Over his last five starts, right-hander Wily Peralta has lowered his ERA from 6.08 to 4.61. He’s only allowed four earned runs over that stretch (33.1 innings), and on Monday, I pointed out how Peralta drastically turned his season around last summer, which was roughly the same time as this year.
We’ve noted how his command has slightly improved and how his strikeout rate has increased over the last five starts, but it’s not enough to merely state Wily Peralta has increased his strikeout rate. It’s much more important to understand why his strikeout numbers have experienced a slight jump.
The 24-year-old hurler features a mid-90s sinker that can be devastating to opposing hitters. Few guys regularly run a true sinker into the 94-96 mph range, but at the big-league level, it’s rarely enough to have one plus-pitch. His success hinges upon the effectiveness of his slider. His breaking ball was largely absent earlier this season, and when he did throw his slider, it was more of a show-me pitch rather than a pure secondary offering. He’s gotten more comfortable with the pitch, though, and he’s featured it more heavily as the season has progressed.
The above chart depicts how Peralta would often throw his slider fewer than 20 times per game — despite the fact he was still throwing 80-100 pitches — but that number has increased to 20-30 (or even more) in his last ten starts. Though it’s partially speculation, it’s likely not a coincidence his increased reliance on his slider has coincided with a 3.06 ERA in his last ten starts.
Featuring more sliders is great. The real test, though, comes with the effectiveness, and Peralta has been throwing his slider much better in recent weeks. He’s inducing more swinging-strikes with his slider. That has proven to be a struggle for the right-hander throughout the season, but he has missed more bats in recent starts and greater success has understandably followed.
Perhaps it’s not groundbreaking to learn Peralta has gotten more swings-and-misses with his slider since he’s started to throw it more often, but it’s been a significant factor in his recent improvement. His slider was one of the main reasons he punched out eight Diamondbacks during his most-recent start on July 14. He was able to bury his breaking ball against left-handed batters, which is something he struggled to accomplish earlier in the year.
The interesting thing about Peralta’s slider is that he actually possesses two separate versions of his slider. One is a slower, gentler pitch that’s meant to find the strike zone earlier in the count, while the other is more violent and more vertical and serves as his put-away pitch when he’s ahead of the hitter.
Here’s an example of the first version of slider mentioned above. It came against Brandon Phillips of the Cincinnati Reds in his complete-game shutout on July 9.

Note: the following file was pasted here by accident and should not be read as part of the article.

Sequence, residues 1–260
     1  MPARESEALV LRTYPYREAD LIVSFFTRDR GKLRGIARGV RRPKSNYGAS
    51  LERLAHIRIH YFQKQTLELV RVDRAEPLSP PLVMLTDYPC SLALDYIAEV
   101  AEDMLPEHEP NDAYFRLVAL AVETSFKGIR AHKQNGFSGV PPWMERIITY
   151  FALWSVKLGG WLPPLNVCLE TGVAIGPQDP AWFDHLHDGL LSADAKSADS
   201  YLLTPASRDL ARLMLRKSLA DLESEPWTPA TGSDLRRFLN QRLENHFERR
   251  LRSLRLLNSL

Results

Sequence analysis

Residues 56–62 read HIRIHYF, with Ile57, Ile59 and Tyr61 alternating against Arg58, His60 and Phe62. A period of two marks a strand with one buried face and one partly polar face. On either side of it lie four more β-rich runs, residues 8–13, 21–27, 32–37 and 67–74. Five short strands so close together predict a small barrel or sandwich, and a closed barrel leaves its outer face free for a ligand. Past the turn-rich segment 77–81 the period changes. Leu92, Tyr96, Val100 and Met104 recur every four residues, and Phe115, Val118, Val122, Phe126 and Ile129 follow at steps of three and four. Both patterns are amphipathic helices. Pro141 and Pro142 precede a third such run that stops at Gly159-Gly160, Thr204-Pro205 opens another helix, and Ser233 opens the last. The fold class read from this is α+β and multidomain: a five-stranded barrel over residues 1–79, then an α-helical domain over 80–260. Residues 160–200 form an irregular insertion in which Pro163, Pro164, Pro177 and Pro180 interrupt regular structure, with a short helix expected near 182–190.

In this instance, he was able to generate a swinging strike, but this pitch was meant to avoid the fastball and get ahead in the count. Peralta generally throws this version of his slider in the 83-85 mph range. Occasionally, this pitch can get a little flat on the right-hander, and it can be more hittable. On this pitch to Phillips, though, Peralta was able to get on top of the pitch and achieve the two-plane movement that’s desired on a slider.
It’s slight, but it doesn’t have to be anything dramatic for Peralta to be successful with it. The pitch is meant to be a get-me-over slider earlier in the count, so opposing hitters cannot simply sit on his sinker — which is obviously what Brandon Phillips was doing in the above clip. Peralta fooled him with the slider, and it allowed him to position himself in the driver’s seat for the at-bat.
His other slider is not meant to be thrown in the strike zone. It’s his two-strike wipeout slider for when he’s trying to strikeout the opposing batter. A good example of this slider came against Jason Kubel of the Diamondbacks on July 14.
Peralta has no trouble getting two-plane movement on this slider, as it doesn’t break as much horizontally as it does vertically. It’s very difficult to command, but it can be a true difference-maker for him when he’s throwing it properly. It breaks sharply and is thrown with more velocity — which can be seen in the above graphic, as his put-away pitch to Kubel clocked at 87 mph.
At times, it’s been frustrating to watch Wily Peralta this season. He has a chance to be a valuable mid-rotation starter for the Brewers over the next half-decade — his pure stuff makes that obvious — but a combination of bad luck and inconsistent performance led to an ERA north of 6.00 for much of the early season. He’s slowly bringing that ERA back down to a respectable level, though, and rekindling some of the hope that existed prior to the 2013 campaign.
If his slider becomes a more consistent, reliable part of his repertoire on the mound, he could be a solid number-three starter with some upside next year. And with Yovani Gallardo and/or Kyle Lohse potentially available on the trade market this summer, the Brewers need someone to step up and become a consistent, effective starter. Peralta has taken steps in recent outings to be that guy. It will be enjoyable to watch how he continues to develop throughout the remainder of the season.